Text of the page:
The Cape leopards are half the size of their bushveld cousins, and although hunted and persecuted for generations, there is a new zeitgeist of tolerance in the Cederberg air. Local farmers and residents are increasingly seeing the value of these imperious predators, as more and more tourists come to the region. The Cape Leopard Trust must take much of the credit for driving the conservation of these elusive ghosts of the Cape mountains.
The second recommended hike is to the Wolfberg Arch, to the south of Tafelberg. The arch is even more impressive than the Maltese Cross, in my opinion. There are two recommended ways to get up there. The first is to start at Driehoek Farm, run by Dawie and Lizette Burger (two of the friendliest and most knowledgeable Cederbergers you’ll meet).
The path from Driehoek takes you up the steep Gabrielskloof (where there is almost always water – note for summer hikers!). Then you follow your nose south to the Arch. The other way up is from Sanddrif, which is part of the Dwarsrivier Farm. This route takes you up through the incredible Wolfberg Cracks, which in themselves are superb to explore. Give yourself a full day at least to get to the Arch and back.
Ideally, however, take an overnight backpack, sleeping bag and some food, and spend the night at the arch. The stars are exceptionally bright, even during a full moon. The only slight light pollution is probably from Citrusdal area, far in the west. You can’t really see it with the naked eye, but an orange glow does appear on your photographs on that horizon when you take a long exposure at night.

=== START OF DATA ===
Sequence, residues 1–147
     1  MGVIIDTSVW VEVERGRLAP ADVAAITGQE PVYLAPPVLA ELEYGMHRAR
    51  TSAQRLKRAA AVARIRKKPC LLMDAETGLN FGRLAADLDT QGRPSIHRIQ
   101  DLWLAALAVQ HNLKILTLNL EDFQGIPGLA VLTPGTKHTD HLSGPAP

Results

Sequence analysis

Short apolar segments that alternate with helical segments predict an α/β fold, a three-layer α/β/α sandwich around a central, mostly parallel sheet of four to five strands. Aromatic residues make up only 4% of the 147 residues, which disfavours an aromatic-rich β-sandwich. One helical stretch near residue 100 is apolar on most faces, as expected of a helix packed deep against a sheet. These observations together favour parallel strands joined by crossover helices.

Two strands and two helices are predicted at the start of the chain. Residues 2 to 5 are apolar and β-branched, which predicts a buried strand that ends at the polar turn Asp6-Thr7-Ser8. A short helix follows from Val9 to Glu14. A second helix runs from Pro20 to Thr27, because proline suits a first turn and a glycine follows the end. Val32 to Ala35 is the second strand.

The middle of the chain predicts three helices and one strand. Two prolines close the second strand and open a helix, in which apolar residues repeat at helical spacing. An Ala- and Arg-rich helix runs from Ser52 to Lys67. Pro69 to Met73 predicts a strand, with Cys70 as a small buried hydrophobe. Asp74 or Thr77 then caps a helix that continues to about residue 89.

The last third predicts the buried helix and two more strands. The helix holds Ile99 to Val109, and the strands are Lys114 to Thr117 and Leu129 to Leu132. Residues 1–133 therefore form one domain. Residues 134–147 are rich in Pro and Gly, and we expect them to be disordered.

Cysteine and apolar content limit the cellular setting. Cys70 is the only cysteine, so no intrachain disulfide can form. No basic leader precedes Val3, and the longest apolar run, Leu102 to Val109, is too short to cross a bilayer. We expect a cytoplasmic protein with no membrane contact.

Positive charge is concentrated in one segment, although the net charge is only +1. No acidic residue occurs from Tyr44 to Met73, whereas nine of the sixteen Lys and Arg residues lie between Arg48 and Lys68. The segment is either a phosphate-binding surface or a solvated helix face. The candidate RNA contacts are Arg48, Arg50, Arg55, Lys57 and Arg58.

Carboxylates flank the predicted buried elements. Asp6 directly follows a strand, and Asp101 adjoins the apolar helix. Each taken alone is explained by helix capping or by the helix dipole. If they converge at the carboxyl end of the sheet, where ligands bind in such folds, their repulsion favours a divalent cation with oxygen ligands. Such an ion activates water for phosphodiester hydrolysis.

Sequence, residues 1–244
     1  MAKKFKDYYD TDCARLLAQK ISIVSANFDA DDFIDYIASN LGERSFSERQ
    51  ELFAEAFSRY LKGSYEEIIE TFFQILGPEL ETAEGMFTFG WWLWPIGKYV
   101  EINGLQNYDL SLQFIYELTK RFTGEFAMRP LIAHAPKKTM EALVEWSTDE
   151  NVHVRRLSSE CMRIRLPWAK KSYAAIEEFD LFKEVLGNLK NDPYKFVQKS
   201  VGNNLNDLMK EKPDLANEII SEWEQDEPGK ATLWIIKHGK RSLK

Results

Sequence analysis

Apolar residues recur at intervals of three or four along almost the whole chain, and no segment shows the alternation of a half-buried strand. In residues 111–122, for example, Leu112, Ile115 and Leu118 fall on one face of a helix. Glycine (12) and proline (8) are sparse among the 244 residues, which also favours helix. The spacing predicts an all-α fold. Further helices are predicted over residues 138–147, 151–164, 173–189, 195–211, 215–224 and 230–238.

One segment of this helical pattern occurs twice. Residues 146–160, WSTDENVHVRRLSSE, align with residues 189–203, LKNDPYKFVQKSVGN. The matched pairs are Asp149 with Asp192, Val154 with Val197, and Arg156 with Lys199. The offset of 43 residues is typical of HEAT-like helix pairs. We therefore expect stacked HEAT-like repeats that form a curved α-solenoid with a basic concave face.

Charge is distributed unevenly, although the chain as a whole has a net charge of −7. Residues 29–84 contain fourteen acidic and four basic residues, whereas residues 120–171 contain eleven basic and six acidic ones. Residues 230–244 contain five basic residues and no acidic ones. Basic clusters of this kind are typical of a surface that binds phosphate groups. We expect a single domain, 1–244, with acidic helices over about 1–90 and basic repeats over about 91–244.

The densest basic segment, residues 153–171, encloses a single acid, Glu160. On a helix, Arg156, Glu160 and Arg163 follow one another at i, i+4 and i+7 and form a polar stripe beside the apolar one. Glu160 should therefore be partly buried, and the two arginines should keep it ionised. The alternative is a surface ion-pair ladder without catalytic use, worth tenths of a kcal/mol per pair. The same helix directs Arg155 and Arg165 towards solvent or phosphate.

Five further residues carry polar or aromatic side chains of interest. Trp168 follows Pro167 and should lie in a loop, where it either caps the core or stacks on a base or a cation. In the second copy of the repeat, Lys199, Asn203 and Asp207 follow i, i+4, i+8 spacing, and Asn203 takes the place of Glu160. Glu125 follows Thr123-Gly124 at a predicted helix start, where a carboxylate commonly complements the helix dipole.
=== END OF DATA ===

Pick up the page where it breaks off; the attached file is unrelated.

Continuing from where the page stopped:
Yet using a camera here seems silly. Allow yourself to drop into the landscape fully, without any technology. The arch looks like a gateway to another universe…and you’d be hardpressed to stay in your sleeping bag all night, even if it’s cold (as it often is outside of summer months of January and February).
There seems to be an ancient power in this place. Whenever I’ve camped here at night, I’ve gone to sleep early, then woken up from a deep sleep around 1am. Inevitably, the ineffable grandeur of the cosmos framed by the arch has drawn me out of my warm sleeping bag.
Without thinking about it really, I end up wandering around the landscape, in a type of spiritual stupor. After an hour or so, I climb back into my sleeping bag, and fall back into deep dreams, waking up in the morning on a natural, grounded high that stays with me for days.
Sleeping at the arch is a numinous experience that embodies the full essence of the power of wilderness, and reminds me why I do what I do. Nothing made by humans, no technology, no art, no science, no literature, no music can pull so strongly on my heart as these wilderness moments that the Cederberg – and countless other wild places of Africa – gives so freely.
For the second half of our stay, we moved to the Kliphuis campsite in the northern Cederberg, next to the beautiful Pakhuis Pass. I haven’t explored this part of the Cederberg as much as the central region, but in some ways, it’s even wilder.
While Tafelberg, Sneeuberg and Maltese Cross gets lots of attention from tourists, the Pakhuis Pass area is less visited by most tourists. The campsite and three cottages at Kliphuis are more intimate and smaller than the big setup at Algeria, so it also suits a more aloof visitor, someone who maybe has already been to Algeria a few times, and done the usual Cederberg hikes.
I was worried that the road over the Pakhuis Pass would be busy, but in fact it was really quiet during our stay. There isn’t a lot of traffic going from Clanwilliam to the Biedouw Valley area, and even though it was flower season, the passing cars weren’t an issue.